Earlier today Laura Clawson had a post up about some Republicans who are vaguely aware they are - how to put this - perceived as heartless beaters-up of the poors. Well, Paul Ryan to the rescue with ideas on how to 'reform' the government's approach to poverty programs.
NOTE: Whenever a Republican starts talking about 'reform', put your hands on your wallet and batten down the hatches; it's one of the favorite labels they like to put on their most toxic brands of snake oil. In their hands, that word does not mean what they want you to think it means.
More below the Orange Omnilepticon.
Ezra Klein for one is excited: Democrats should welcome Paul Ryan's poverty plan.
...There will be charges of hypocrisy against Ryan's plan, and they're merited: his poverty plan and his budget cannot coexist in the same universe at the same time. Conservatives who spent the last few years cheering Ryan's budget and are now cheering his poverty policies need to ask themselves some hard questions.Let's pull out one phrase especially worthy of examination: ...Ryan is refocusing himself and, perhaps, the Republican Party on reducing poverty by making the government's anti-poverty programs work better...
But more important than the contradictions in Ryan's plans is their progression: Ryan is refocusing himself and, perhaps, the Republican Party on reducing poverty by making the government's anti-poverty programs work better: that's a project that's both more important for the country and more amenable to compromise. Democrats should welcome it.
I hope you weren't drinking anything while reading that bit of fatuous optimism. How anyone could make an assertion like that after the last few years boggles the mind. Paul Krugman has observed this phenomenon before and commented thusly back in 2012:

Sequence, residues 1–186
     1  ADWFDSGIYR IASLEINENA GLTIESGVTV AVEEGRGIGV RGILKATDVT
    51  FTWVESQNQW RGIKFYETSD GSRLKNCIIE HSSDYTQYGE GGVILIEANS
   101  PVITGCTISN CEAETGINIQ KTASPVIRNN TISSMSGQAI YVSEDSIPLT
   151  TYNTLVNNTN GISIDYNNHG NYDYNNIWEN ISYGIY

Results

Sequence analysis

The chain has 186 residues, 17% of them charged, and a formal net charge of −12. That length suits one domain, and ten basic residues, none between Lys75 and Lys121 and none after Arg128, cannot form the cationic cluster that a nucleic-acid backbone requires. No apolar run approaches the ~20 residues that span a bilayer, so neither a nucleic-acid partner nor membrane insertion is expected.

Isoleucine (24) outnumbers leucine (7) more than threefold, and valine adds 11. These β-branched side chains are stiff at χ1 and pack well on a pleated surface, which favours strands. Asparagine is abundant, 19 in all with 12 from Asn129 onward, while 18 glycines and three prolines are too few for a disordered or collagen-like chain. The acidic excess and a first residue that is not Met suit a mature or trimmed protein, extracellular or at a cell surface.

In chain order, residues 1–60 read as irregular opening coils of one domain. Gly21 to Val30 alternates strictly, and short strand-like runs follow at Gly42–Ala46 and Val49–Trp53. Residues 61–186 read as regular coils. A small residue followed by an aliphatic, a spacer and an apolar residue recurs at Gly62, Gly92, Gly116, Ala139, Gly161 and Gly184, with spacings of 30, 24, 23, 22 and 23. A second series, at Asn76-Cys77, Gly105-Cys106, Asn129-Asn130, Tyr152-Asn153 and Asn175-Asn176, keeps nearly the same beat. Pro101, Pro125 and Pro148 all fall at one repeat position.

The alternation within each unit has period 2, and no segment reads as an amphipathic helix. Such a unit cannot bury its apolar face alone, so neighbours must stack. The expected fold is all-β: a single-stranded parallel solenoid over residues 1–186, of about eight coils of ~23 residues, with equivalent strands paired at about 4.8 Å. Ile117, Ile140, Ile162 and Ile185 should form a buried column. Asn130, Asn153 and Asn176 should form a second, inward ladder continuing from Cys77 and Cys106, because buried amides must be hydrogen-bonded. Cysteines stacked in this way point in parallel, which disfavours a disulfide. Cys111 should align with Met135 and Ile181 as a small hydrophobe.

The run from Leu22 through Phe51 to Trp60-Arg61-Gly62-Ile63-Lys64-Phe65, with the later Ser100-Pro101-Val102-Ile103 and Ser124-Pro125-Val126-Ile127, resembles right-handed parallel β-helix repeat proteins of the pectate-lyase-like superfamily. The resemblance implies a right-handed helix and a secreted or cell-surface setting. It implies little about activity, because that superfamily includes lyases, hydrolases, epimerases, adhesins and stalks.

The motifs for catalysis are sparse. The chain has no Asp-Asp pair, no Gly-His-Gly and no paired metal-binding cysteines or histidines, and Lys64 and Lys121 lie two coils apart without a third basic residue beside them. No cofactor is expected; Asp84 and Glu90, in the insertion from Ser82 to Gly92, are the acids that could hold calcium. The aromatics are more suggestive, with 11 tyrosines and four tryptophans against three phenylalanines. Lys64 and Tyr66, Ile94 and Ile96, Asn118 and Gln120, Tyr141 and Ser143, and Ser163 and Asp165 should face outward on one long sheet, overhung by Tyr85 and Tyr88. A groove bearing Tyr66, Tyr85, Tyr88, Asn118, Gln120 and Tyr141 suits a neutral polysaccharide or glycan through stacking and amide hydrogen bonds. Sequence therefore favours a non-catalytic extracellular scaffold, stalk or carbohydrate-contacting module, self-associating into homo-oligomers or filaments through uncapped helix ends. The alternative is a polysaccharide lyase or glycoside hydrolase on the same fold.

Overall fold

...and what the whole Beltway media crowd has done – is to slot Ryan into a role someone is supposed to be playing in their political play, that of the thoughtful, serious conservative wonk. In reality, Ryan is nothing like that; he’s a hard-core conservative, with a voting record as far right as Michelle Bachman’s, who has shown no competence at all on the numbers thing.Klein is right that conservatives are cheering Ryan's plan. Ross Douthat is totally gung ho about the whole deal: the Republican Party has ideas again!
What Ryan is good at is exploiting the willful gullibility of the Beltway media, using a soft-focus style to play into their desire to have a conservative wonk they can say nice things about. And apparently the trick still works.
...The emerging policy vision on the right only coheres and makes (at least some) fiscal sense because it includes proposals to change Medicare and (from leading politicians like Ryan and Marco Rubio, if not from the party as a whole) Social Security as well. A center-left analogue would need to come to grips more fully with the long-term cost of the liberal vision, and the need, eventually at least, for new taxes on someone other than the rich.Douthat is letting the cat out of the bag here; a translation into plain speak is: we can keep saying Democrats can't do anything without raising taxes sooner or later - and this plan gives Republicans a new framework to keep cutting back on social programs.
In this sense, you could argue, Ryan’s leadership on entitlement reform in 2010-2011 effectively created the policy space on the right where Ryan (and others) are working at the moment, while liberalism’s leaders still haven’t taken the hard, higher-tax steps required to make their side’s more sweeping post-Obama policy ideas actually add up.
Kevin Drum has taken a quick look, and summarizes the three main elements of Ryan's plan with a promise to come back later with a more detailed analysis. His initial take is: